Soccer is now showcasing its twelfth World Cup event in my lifetime; this is the first one that I’ve watched. I confess that I’m no expert in soccer. However, as a lawyer with more years of experience than I’d care to remember, I am an expert on rules. I know bad rules when I see them, and soccer’s got plenty of them.
I realize that I’m writing in futility since everything I’ve read about FIFA describes it as a lumbering bureaucracy that moves at the speed of erosion. Worse, reports are that FIFA is enjoying the controversy, happily viewing all of the talk about bad officiating through the prism of “there’s no such thing as bad publicity”.
FIFA’s wrong. Soccer can’t grow in such an environment. New fans won’t put up with games being decided by referees. Also, soccer, unlike baseball, does not need publicity through controversy, scandal, and conflict. Soccer can keep its world-wide popularity on the merits of the game alone, that and the fact that soccer’s so cheap to play. After all, to start a soccer game, all you need is a field, a ball, and a ridiculous set of rules.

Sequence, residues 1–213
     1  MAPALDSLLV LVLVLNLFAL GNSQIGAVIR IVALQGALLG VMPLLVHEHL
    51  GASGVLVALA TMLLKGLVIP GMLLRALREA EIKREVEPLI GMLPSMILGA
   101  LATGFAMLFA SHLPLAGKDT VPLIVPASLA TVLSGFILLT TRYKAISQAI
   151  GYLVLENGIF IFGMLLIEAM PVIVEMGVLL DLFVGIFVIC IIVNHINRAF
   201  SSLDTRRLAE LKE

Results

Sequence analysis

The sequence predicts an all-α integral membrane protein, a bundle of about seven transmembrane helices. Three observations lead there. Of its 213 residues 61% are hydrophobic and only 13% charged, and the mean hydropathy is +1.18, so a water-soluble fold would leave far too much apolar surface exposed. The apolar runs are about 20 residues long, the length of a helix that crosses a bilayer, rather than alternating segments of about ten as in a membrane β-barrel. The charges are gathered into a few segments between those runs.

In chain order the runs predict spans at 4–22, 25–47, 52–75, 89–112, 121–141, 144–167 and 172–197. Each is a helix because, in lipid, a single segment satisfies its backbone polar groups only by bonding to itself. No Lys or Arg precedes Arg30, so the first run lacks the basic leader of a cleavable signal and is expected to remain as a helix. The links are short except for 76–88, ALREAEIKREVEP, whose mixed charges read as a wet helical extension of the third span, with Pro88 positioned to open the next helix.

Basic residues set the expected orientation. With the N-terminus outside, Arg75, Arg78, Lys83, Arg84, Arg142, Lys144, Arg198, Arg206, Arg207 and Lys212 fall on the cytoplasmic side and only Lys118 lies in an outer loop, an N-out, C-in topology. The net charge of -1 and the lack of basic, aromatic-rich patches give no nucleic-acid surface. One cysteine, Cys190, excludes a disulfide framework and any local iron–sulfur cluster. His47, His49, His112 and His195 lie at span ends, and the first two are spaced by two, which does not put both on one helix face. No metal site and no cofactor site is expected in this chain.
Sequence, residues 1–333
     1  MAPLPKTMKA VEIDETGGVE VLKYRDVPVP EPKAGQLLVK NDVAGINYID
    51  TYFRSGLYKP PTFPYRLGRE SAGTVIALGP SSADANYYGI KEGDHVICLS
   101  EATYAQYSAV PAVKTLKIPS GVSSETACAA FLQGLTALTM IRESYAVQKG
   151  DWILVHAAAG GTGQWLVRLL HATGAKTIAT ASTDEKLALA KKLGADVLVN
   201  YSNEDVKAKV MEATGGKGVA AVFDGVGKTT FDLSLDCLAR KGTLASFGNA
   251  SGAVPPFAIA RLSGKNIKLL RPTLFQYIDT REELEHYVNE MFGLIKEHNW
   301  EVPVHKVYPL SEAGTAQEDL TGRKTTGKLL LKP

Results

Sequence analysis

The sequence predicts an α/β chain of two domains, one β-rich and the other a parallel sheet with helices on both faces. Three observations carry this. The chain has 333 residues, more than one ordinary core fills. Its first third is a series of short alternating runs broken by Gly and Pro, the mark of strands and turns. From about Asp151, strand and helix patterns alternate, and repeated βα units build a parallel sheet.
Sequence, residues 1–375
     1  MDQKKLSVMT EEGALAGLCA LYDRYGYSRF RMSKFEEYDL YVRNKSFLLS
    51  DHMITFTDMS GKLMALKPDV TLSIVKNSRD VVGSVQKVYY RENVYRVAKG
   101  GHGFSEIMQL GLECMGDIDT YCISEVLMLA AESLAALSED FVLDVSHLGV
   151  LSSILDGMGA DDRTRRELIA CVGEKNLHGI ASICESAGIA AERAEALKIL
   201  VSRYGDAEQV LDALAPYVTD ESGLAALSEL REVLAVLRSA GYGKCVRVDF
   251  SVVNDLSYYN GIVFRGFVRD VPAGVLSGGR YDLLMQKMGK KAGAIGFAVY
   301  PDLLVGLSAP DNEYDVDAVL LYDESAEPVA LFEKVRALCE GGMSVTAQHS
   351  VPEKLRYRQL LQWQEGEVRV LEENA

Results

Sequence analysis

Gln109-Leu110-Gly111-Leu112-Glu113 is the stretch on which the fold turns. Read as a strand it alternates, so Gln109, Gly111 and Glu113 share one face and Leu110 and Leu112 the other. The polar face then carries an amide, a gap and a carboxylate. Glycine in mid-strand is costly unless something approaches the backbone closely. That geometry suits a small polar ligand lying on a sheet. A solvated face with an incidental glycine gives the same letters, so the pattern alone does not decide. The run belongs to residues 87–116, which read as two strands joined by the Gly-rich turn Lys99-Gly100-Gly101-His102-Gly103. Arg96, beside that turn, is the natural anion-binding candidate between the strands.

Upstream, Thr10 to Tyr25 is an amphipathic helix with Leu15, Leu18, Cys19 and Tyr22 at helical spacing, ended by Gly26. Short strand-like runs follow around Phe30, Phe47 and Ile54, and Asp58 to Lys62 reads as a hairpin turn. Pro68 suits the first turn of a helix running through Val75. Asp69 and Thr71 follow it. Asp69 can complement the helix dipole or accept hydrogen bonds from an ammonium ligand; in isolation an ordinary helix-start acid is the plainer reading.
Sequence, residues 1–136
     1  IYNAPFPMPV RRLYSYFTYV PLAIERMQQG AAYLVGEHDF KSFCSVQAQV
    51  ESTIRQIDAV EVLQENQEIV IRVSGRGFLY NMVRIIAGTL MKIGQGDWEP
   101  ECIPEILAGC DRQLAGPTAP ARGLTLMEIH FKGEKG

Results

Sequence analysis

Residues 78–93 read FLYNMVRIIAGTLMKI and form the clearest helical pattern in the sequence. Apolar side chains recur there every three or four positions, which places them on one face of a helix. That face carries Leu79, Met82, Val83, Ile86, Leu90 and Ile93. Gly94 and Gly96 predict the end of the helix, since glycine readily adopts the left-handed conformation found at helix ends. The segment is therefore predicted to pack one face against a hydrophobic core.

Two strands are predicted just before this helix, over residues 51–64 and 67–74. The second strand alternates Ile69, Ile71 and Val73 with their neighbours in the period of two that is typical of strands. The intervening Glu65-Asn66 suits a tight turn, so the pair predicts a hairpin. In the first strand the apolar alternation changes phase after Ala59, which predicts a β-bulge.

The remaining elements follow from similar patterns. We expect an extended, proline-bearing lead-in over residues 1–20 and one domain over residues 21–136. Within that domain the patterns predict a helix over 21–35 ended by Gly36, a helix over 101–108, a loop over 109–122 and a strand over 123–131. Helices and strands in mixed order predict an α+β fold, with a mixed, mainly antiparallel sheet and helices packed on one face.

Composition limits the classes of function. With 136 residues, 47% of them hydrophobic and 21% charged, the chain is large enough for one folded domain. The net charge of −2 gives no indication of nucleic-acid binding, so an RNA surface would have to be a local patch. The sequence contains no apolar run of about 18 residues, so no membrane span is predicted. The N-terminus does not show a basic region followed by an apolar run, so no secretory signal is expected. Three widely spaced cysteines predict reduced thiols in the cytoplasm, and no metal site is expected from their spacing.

I also understand that FIFA won’t change the rules until Adidas, McDonald’s, Budweiser, and Nike tell them to. But in the wake of the worst refereed major sporting event since Wrestlemania, perhaps it’s time for discussion about new ways for soccer to be officiated. I have a growing appreciation for the game, particularly it’s sudden action and speed, the latter being an element that still eludes American professional sport and its break-in-the-action pace.
Despite my growing appreciation for the game, however, the 2010 edition of the World Cup has lead me to the conclusion that soccer is a great sport but one not living up to its potential due to betrayal by its rules, officials and governing body. Watching FIFA and the referees smothering soccer’s untapped potential is as frustrating as watching a jockey choke out a great thoroughbred.